I'm proud to say that I’ve recently shifted how I use Facebook. I transitioned out of stalker mode and into business mode, using the platform to showcase my latest video work as CRLVIDEO. When I make a new video that I’m particularly proud of, I first email my close friends directly, then tweet it, then embed a Wistia video on my Facebook wall. Sharing my work on Facebook may be self-gratifying, but I tell myself that it’s building recognition for CRLVIDEO and what I do.
Every year (since 2005), I edit a short “year in review” video for my wife Courtney for Christmas. Nothing special, just some quirky music with pictures and video clips from whatever we did that year. I consider it to be the most important project I work on all year. No matter how many other projects I find myself trying to wrap up by the year’s end, I always love finding time to do at least this one very important project.
I followed the same video sharing progression I use for CRLVIDEO after I completed (and gifted) this year’s 2011 Christmas video. I sent out a few emails, tweeted it, and posted it on my (and Courtney’s) Facebook walls. Like the analytics junkie that I am, I checked my Wistia stats on the video a few days after.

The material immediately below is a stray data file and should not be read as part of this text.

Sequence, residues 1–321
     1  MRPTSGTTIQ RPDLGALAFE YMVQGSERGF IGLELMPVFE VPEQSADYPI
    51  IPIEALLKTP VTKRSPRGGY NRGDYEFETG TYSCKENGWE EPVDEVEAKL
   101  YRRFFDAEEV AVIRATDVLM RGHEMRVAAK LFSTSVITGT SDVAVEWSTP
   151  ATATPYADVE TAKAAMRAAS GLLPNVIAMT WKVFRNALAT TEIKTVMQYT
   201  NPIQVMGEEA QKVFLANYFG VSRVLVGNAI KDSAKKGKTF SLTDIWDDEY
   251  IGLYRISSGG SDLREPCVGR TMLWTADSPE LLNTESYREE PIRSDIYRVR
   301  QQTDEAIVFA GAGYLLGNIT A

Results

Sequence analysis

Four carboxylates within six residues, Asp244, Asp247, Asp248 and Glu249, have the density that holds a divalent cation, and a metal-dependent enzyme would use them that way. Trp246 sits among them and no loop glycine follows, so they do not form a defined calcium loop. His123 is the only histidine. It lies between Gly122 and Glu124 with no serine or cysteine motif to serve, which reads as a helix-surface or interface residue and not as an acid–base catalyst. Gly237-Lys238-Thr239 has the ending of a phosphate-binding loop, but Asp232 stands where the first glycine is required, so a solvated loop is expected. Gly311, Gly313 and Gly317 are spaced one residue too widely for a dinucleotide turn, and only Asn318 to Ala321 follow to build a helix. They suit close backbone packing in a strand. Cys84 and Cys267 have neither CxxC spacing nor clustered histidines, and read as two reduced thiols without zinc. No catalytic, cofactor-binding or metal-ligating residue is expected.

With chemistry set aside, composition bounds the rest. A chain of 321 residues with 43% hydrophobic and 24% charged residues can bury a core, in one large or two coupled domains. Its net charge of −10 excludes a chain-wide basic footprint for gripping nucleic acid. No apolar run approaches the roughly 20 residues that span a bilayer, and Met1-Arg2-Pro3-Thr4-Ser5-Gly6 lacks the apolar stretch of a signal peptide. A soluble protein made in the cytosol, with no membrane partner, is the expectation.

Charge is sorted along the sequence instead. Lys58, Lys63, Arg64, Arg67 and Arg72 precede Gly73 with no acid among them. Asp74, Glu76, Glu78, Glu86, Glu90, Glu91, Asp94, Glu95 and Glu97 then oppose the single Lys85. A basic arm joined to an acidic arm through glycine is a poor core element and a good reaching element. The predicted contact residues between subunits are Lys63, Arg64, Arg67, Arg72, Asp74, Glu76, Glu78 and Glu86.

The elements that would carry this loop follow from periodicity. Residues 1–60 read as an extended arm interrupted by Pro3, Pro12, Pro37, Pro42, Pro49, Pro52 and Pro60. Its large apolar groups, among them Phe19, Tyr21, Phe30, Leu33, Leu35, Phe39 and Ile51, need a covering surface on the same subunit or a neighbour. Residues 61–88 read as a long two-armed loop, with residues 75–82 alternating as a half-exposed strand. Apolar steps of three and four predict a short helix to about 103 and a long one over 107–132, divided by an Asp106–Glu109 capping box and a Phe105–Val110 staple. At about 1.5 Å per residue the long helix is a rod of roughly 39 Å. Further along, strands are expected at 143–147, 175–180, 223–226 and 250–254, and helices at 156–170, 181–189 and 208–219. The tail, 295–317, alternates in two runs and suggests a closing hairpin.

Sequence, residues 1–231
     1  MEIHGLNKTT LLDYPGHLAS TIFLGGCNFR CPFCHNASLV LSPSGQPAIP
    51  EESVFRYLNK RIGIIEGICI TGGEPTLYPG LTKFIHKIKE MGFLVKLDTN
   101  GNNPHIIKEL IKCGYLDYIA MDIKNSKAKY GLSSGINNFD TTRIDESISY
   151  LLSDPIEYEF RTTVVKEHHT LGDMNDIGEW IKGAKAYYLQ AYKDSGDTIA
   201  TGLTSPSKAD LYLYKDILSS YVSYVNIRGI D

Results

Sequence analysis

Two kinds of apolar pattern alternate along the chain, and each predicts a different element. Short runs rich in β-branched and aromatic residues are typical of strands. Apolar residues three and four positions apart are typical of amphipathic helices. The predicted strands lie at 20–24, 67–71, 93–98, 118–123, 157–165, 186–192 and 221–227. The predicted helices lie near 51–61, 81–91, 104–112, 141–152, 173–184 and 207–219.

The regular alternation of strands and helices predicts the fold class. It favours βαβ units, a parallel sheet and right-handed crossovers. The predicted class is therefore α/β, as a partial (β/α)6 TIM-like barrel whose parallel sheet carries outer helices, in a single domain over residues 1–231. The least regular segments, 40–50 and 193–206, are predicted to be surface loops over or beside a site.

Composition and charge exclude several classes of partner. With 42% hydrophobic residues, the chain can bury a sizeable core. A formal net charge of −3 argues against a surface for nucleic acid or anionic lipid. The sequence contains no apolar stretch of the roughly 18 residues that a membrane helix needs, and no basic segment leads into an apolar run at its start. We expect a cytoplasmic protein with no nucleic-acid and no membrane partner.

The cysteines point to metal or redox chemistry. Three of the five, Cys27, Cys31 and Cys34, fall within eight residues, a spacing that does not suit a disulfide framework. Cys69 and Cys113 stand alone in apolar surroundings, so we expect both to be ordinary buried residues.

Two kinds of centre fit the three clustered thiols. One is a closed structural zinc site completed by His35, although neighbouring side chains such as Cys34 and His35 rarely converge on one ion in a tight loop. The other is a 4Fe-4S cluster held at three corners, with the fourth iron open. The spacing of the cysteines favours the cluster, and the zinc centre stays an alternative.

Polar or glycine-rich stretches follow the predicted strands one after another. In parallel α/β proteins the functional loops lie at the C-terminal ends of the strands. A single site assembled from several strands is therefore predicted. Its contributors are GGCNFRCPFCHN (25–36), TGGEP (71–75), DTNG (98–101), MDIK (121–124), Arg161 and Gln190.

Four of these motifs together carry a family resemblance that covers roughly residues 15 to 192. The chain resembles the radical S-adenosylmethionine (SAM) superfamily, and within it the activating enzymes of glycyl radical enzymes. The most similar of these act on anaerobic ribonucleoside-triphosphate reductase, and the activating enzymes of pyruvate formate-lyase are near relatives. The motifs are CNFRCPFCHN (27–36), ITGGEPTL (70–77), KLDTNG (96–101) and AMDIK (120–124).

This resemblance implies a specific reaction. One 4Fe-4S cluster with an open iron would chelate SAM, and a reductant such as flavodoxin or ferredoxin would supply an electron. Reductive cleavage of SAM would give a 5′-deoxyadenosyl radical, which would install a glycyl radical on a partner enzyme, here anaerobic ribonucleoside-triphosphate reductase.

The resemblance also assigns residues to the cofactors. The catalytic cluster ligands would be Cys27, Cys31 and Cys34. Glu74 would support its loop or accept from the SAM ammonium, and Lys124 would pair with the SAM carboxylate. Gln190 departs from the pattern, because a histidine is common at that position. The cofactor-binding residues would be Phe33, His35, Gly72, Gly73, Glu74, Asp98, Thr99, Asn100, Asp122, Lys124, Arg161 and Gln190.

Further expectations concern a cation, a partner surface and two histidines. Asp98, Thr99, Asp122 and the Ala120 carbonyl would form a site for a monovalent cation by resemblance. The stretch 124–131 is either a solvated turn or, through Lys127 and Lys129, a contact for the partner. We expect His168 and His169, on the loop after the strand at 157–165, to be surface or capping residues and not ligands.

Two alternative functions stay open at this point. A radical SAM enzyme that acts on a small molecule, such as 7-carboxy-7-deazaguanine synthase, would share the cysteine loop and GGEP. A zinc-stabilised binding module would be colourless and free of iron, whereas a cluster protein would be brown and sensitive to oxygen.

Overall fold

I was shocked by the numbers. An extremely personal video. Made up of personal memories. Featuring pictures and video of only my wife and me. Garnered a metric of 91% engagement across everyone who watched the video. Umm...what? We’re not talking about a 10 second video here. This was a 3 minute and 10 second video... one of the longest I’ve created in over 2 years. 67 people watched an average of 91% of the video. 91% of every vomit-inducing, sappy, love-drenched frame.
With this video, I reached a new milestone. The 2011 Christmas video became the most engaging video of all of the videos I host on Wistia. Why? I don’t think it’s because it’s my best video. I think it’s because the video offers a privileged look inside our lives. We’re not living any differently than a lot of other of our friends. It’s the sheer curiosity and downright creepiness of everyone in our Facebook network that led each person to click play and watch all the way through.
Not creepy enough for you yet? Check out the spike in the aggregate graph at around 2:15. People re-watching this section like woah. Why? Because it had a joke picture of a joke gift from two of our closest friends that fake alluded to Courtney being pregnant. Guess that explains the e-mails from people we haven’t talked to since high school asking when the baby is due and if we know what she’s having!
There are a few lessons I learned here:
- Facebook is a creepy yet intriguing means to share your work.
- Facebook can easily fake people out and make em’ think your wife has a bun in the oven! (p.s.: She doesn’t.)
- Analytics don’t lie (and can sometimes creep you out).
- It's okay to make video personal -- relatable techniques can keep viewers engaged!
Have you used personal video techniques to help your business?